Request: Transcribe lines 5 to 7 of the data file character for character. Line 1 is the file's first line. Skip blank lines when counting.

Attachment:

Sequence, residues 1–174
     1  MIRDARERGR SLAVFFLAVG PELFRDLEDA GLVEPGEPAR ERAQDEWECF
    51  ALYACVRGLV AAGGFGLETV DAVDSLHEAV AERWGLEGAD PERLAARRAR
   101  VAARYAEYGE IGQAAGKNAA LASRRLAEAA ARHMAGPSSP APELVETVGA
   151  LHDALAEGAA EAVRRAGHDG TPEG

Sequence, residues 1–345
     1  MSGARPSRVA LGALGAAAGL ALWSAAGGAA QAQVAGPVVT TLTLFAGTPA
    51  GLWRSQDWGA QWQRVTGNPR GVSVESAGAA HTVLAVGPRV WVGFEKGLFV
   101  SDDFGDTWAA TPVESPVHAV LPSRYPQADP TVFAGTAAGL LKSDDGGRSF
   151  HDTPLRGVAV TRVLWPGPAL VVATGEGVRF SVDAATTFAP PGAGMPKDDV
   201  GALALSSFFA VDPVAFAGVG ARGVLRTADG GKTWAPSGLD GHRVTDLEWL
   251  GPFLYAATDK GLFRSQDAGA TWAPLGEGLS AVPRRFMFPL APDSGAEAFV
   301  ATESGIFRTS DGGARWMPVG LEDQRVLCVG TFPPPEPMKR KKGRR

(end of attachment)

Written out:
   151  LHDALAEGAA EAVRRAGHDG TPEG

Sequence, residues 1–345
     1  MSGARPSRVA LGALGAAAGL ALWSAAGGAA QAQVAGPVVT TLTLFAGTPA